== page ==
One of the most controversial budgets of recent years has sent many of our existing fears about the climbing cost of living into overdrive and, with Covid cases soaring once again, the term 'crisis' has hung in the air above many a planning meeting approaching year end. But just how much are audiences expecting to tighten their ticket-buying belts over the coming months? And how do they feel about what the public and government themselves should be doing to ensure the financial survival of the arts and culture sector?
“Any one can get angry—that is easy—or give or spend money; but to do this to the right person, to the right extent, at the right time, with the right motive, and in the right way, that is not for everyone, nor is it easy.”
― Aristotle, The Nicomachean Ethics
We asked respondents specific questions about their attitudes to financial support for the arts, either personally or politically:
Delving into Audience Finder ticketing data to monitor the sector's financial recovery.
Our monthly TEA Break sessions are the best way to catch up on our recent findings and emerging knowledge. Next session: Wednesday 13 December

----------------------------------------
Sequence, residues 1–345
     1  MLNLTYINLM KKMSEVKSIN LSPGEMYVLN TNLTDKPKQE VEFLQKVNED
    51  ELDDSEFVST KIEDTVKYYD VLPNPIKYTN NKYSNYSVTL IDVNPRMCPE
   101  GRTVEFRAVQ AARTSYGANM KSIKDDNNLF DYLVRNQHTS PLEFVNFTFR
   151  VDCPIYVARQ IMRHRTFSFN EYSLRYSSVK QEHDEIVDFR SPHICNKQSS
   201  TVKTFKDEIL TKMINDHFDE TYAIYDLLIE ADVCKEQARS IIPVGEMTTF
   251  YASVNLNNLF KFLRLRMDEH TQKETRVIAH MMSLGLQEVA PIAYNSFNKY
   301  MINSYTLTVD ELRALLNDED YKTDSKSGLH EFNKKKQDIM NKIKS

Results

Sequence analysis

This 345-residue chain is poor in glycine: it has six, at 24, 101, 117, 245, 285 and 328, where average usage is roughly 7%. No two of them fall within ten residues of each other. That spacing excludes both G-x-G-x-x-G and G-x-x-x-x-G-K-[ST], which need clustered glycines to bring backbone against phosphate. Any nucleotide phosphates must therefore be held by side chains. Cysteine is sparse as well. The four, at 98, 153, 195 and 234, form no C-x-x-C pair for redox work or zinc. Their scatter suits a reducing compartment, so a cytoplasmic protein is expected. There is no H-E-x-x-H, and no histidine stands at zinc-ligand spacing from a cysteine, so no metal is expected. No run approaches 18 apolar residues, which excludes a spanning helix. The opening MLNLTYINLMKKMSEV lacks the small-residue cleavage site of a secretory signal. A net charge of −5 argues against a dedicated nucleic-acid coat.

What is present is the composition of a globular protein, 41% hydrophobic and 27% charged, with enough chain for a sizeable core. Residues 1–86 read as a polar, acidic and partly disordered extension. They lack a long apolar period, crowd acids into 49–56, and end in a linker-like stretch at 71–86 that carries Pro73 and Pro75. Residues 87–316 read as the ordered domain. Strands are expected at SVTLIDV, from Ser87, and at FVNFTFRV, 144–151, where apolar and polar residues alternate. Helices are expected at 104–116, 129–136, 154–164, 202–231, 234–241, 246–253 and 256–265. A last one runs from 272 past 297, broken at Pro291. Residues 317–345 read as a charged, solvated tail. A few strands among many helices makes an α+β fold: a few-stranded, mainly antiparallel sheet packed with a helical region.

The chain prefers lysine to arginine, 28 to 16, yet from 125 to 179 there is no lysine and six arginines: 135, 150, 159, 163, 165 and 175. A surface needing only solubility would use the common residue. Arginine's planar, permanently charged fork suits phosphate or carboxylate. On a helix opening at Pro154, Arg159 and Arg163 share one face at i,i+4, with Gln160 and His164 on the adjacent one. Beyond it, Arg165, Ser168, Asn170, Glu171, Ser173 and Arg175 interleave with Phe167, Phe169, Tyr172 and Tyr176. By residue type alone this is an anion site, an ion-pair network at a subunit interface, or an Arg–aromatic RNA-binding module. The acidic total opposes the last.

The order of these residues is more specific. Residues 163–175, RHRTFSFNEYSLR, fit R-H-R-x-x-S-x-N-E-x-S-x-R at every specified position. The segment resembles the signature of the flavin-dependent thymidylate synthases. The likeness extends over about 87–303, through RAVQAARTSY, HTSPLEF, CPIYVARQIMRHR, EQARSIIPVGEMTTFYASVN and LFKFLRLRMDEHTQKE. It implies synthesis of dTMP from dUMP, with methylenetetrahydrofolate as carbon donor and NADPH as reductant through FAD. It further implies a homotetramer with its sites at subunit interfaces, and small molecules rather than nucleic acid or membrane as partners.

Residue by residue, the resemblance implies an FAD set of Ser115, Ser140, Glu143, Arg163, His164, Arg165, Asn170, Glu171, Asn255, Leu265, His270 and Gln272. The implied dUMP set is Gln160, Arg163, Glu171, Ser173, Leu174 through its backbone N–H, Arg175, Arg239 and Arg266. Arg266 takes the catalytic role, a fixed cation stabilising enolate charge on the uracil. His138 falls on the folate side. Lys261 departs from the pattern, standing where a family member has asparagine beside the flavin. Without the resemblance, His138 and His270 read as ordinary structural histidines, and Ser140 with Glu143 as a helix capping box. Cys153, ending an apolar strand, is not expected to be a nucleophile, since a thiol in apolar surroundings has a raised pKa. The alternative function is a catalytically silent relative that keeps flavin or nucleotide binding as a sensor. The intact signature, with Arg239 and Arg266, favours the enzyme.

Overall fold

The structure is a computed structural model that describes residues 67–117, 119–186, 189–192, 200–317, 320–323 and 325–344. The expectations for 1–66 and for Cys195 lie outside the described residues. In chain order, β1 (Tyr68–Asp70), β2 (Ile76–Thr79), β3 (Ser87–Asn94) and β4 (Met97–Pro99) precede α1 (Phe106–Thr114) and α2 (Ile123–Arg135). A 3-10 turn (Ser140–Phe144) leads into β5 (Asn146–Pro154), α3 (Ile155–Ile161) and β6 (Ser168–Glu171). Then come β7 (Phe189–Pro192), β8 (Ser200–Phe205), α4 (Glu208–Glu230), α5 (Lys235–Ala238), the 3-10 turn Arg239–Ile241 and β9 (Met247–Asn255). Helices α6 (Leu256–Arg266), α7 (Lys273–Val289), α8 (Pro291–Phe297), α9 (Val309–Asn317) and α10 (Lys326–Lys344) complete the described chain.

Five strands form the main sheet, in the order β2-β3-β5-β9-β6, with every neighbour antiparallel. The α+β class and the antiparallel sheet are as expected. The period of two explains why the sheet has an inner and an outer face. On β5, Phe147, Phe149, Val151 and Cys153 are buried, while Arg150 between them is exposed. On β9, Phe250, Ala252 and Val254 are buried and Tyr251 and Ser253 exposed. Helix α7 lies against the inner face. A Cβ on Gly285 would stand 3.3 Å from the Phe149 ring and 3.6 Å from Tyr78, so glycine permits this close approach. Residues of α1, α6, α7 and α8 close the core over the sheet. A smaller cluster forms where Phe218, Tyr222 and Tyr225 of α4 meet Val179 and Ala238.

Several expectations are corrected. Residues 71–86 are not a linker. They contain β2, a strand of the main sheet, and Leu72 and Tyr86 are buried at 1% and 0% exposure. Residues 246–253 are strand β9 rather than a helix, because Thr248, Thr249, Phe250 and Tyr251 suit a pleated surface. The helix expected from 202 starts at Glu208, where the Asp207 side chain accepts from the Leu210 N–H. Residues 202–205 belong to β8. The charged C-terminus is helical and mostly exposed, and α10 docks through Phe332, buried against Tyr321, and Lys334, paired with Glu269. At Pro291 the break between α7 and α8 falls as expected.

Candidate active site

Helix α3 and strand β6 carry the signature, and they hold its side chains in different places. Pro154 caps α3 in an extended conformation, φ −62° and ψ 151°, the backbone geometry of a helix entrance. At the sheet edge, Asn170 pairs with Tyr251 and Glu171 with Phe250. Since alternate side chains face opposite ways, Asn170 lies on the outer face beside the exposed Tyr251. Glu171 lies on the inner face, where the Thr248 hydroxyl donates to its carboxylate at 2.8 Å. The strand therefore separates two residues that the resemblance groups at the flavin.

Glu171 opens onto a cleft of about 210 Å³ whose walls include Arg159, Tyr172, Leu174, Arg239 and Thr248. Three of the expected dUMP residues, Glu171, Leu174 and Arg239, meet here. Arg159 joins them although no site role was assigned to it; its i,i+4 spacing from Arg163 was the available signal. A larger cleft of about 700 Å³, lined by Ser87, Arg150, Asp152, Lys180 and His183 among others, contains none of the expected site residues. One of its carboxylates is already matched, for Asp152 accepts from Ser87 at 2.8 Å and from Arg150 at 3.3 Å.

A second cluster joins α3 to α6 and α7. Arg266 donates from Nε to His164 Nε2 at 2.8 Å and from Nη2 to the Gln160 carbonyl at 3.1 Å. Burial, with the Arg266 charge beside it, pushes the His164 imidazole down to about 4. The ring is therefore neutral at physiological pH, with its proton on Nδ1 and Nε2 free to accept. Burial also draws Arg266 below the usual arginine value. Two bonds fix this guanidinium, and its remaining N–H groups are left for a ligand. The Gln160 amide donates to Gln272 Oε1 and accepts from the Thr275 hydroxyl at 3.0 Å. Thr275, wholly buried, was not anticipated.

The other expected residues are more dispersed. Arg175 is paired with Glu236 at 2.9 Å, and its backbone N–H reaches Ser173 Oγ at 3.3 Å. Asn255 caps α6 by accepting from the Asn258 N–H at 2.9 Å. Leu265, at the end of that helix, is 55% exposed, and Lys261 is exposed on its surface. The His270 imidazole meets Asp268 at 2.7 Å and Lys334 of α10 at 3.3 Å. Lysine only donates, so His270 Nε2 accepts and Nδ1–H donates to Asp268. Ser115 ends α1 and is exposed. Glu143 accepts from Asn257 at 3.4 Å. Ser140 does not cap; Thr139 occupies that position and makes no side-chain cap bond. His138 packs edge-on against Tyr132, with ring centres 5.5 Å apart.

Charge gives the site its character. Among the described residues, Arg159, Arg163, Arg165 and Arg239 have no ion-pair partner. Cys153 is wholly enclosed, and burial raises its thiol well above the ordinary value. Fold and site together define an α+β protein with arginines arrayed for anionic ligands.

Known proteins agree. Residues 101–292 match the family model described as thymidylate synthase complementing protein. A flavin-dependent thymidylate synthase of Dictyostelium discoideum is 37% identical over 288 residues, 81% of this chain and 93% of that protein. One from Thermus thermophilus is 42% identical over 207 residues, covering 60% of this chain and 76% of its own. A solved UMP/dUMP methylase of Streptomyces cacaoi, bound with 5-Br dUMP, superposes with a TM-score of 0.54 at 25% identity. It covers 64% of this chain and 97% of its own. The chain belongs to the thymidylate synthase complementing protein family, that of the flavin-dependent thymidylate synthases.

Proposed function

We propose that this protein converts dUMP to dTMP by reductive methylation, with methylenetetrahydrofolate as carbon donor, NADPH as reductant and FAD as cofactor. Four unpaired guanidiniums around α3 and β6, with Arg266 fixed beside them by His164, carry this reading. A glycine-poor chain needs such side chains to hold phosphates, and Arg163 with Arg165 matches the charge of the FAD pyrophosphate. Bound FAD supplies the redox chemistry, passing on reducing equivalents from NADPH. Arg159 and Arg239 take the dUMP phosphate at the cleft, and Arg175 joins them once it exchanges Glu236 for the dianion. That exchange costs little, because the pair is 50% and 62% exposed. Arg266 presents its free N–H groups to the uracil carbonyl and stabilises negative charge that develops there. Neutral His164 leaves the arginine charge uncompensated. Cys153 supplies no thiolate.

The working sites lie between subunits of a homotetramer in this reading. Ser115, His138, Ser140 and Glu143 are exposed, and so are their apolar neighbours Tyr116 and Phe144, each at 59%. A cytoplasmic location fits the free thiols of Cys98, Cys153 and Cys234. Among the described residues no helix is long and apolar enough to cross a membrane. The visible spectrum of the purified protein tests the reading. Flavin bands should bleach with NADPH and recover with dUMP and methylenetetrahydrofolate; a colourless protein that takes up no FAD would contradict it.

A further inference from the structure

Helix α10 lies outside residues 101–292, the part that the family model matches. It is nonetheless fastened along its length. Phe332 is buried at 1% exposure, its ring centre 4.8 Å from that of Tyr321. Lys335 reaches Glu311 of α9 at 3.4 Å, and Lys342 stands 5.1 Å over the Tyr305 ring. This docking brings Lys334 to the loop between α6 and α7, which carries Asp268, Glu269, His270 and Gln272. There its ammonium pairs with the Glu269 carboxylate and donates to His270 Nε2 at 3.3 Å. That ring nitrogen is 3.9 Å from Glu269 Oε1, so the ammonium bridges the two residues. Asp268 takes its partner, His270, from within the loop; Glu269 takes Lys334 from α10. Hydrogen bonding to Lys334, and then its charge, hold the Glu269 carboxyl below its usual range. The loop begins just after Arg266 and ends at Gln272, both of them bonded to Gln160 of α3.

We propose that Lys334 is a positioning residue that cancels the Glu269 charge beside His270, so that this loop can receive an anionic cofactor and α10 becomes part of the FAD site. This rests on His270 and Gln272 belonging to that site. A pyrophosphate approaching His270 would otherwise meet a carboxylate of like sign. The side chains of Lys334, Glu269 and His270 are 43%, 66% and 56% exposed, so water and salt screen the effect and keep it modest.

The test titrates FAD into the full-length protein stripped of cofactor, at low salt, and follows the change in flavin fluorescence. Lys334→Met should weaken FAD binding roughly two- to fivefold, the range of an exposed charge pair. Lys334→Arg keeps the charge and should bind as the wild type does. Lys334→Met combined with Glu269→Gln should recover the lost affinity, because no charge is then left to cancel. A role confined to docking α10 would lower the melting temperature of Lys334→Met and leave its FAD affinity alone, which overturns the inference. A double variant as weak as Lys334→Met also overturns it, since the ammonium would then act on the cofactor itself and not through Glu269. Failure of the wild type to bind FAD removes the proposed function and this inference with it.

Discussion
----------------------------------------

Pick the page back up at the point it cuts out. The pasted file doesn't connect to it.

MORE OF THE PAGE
Centre for Cultural Value report shows crisis-hit UK cultural sector at a crossroads, as new research reveals profound impact of Covid-19 on workforce, audiences and organisations.
This newly produced financial glossary is designed to help cultural organisations navigate the complex words of cultural finance models and demystify financial terms.
As the next phase of pandemic recovery begins, there are many agendas for the leaders of arts organisations to explore. But the environmental agenda is firmly at the forefront of much of our thinking and concerns.